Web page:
Stems erect or ascending to decumbent, branched from base, 1-4.5 dm, sparsely to densely farinose. Leaves aromatic; petiole 0.4-1.4 cm; blade broadly rounded-triangular to rounded-rhombic or ovate, 1-2.6 × 0.5-2.9 cm, base rounded or subtruncate or broadly cuneate, margins entire or proximal leaves with 1-2 teeth on each side at base, apex rounded to obtuse or acute or apiculate, densely farinose on both surfaces. Inflorescences glomerules in paniculate spikes, 14-24 × 2-3 cm, maturing irregularly; bracts leaflike. Flowers: perianth segments 5, connate into 0.3 mm tube; lobes ovate, keeled, 1-1.4 × 0.9-1.2 mm, apex acute to obtuse, farinose, enclosing fruit at maturity; stamens 5; stigmas 2. Achenes ovoid; pericarp adherent, usually strongly whitened, honeycombed. Seeds subglobose, 0.9-1.3 mm diam., margins obtuse; seed coat whitened, coarsely honeycombed. 2n = 18. Fruiting late summer-fall. Woods and shrublands of various types, badlands, erosion breaks in prairies, volcanic rocks, pinyon and juniper, sagebrush, disturbed ground, old mine areas, roadsides; 600-3200 m; Alta., Sask.; Ariz., Calif., Colo., Kans., Mont., N.Mex., S.Dak., Utah, Wyo.
FNA 2003, Martin and Hutchins 1980, Kearney and Peebles 1969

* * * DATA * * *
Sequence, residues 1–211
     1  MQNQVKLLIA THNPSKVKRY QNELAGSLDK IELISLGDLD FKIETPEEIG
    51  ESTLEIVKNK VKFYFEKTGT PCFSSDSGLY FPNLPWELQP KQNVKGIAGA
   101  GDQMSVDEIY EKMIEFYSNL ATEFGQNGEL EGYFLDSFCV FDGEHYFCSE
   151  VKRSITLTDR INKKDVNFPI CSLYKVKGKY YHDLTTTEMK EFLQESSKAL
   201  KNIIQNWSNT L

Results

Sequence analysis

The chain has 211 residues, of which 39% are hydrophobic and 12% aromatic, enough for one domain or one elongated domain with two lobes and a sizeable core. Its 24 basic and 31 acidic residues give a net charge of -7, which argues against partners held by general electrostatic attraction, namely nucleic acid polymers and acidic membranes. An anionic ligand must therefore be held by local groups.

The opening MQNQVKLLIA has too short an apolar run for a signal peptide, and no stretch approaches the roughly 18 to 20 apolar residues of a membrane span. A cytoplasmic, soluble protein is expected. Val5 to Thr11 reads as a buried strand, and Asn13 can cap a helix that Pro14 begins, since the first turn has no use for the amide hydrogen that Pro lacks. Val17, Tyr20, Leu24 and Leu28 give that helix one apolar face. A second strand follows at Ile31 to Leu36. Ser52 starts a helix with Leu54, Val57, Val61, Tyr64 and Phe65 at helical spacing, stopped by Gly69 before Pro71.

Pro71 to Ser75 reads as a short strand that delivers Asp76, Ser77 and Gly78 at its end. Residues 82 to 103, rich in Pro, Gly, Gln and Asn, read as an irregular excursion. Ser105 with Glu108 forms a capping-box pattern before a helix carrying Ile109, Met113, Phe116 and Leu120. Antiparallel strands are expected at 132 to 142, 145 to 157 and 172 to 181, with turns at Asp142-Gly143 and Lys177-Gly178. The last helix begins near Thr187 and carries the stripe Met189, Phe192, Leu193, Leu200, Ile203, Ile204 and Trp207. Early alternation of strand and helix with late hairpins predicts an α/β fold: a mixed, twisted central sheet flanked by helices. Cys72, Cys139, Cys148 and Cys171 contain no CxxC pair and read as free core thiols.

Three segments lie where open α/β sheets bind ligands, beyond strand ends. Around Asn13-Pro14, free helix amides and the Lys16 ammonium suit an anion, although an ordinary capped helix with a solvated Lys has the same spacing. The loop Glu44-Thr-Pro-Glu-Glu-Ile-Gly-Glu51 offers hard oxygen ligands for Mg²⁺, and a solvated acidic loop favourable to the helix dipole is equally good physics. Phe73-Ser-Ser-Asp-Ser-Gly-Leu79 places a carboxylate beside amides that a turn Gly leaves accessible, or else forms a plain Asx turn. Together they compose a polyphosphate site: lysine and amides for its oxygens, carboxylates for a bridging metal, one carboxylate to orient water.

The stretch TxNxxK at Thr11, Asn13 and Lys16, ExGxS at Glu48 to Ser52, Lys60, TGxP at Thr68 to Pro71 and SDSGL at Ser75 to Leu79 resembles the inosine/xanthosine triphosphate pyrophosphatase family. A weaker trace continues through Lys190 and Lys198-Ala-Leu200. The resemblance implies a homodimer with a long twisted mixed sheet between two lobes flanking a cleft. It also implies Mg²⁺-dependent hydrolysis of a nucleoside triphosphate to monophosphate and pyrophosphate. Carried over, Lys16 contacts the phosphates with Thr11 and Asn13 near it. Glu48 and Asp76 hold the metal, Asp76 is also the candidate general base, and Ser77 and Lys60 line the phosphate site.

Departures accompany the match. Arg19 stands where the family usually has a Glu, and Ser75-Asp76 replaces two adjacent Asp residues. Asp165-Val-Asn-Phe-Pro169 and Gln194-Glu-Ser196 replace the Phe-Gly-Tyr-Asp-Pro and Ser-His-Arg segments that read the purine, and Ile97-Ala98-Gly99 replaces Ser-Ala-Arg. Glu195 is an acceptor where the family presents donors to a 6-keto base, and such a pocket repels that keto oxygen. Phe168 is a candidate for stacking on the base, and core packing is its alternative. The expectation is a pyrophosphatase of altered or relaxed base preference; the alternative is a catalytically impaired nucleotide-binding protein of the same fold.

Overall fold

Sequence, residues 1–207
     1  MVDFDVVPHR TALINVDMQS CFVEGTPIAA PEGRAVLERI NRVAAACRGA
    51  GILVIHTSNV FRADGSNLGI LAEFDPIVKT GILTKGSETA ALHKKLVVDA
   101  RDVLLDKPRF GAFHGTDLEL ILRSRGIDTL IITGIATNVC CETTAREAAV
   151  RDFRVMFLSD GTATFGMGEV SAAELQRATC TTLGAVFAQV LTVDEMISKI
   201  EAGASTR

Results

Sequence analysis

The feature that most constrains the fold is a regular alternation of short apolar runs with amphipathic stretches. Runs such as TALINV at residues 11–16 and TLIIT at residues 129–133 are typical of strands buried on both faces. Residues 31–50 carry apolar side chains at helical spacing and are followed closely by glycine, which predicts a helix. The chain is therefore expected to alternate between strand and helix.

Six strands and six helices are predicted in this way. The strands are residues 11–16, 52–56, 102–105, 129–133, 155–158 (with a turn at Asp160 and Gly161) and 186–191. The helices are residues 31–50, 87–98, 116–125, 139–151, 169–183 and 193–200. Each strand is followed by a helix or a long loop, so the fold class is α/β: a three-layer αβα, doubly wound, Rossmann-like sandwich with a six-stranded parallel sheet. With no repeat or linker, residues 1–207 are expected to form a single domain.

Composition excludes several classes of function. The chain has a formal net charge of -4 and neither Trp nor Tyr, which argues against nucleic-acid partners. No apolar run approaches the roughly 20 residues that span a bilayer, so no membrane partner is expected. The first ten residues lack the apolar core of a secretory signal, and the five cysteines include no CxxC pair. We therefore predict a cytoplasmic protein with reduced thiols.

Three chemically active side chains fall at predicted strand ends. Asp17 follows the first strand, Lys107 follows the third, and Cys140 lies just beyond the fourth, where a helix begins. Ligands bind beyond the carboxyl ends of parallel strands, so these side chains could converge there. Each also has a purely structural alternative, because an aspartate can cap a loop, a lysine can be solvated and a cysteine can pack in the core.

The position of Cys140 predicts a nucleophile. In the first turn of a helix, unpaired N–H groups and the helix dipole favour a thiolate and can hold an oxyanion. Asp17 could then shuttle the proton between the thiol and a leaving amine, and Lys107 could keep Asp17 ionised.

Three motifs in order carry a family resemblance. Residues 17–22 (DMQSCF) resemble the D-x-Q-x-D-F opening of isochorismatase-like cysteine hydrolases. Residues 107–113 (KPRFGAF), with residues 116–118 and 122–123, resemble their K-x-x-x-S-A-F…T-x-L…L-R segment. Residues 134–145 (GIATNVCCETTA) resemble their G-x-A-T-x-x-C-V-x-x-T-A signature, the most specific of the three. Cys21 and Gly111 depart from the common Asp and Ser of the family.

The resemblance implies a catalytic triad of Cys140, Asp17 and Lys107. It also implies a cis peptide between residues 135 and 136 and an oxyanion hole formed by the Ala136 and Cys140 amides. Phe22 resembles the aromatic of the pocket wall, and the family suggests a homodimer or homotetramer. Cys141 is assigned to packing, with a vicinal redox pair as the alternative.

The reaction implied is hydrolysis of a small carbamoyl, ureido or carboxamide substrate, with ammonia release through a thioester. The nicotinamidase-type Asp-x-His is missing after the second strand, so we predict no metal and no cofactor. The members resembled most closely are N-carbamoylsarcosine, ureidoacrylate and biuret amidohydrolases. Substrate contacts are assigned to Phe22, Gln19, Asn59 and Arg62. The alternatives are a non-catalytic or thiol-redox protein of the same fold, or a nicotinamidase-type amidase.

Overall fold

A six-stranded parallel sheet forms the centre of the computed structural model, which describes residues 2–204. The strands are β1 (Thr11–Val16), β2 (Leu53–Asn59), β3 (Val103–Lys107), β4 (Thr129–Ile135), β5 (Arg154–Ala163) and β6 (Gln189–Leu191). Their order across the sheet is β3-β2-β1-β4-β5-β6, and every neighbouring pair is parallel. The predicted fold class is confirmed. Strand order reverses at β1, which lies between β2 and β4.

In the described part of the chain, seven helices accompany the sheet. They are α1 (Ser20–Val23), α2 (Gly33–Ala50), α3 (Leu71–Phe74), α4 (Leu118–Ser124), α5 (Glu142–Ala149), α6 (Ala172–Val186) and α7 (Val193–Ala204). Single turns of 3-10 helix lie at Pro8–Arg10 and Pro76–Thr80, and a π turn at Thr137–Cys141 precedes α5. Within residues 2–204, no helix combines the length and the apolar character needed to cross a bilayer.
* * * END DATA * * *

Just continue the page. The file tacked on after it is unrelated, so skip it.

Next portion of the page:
Duration: Annual Nativity: Native Lifeform: Forb/Herb General: Much branched annual, stems densely farinose, strongly scented, erect or ascending, 10-45 cm tall. Leaves: Blades 10-40 mm long, nearly as wide as long, broadly rounded-deltoid to rhombic or broadly ovate, rounded or obtuse and short-apiculate at the apex, rounded to truncate or broadly cuneate at the base, entire, sometimes lower bearing 1 or 2 rounded teeth on each side, farinose on both sides, petioles shorter than to as long as blades. Flowers: Glomerules in paniculate spikes, 14-24 cm long by 2-3 cm wide; leaflike bracts; 5 perianth segments, connate into 0.3 mm tube, lobes ovate, enclosing fruit at maturity. Fruits: Achenes ovoid, pericarp adherent, strongly whitened, honeycombed, seeds subglobose, 0.9-1.3 mm diameter. Ecology: Found on dry soils from 1,000-7,000 ft (305-2134 m); flowers May-September. Notes: Distinguished by the entire leaves with only 1-2 teeth near base, with subglobose seeds, pericarp slightly whitened. Ethnobotany: The seeds were eaten. Etymology: Chenopodium means goose foot, while watsonii is named for Sereno Watson (1826-1892) an assistant to Asa Gray at Harvard. Synonyms: Chenopodium dacoticum, Chenopodium glabrescens, Chenopodiumolidum Editor: SBuckley, 2010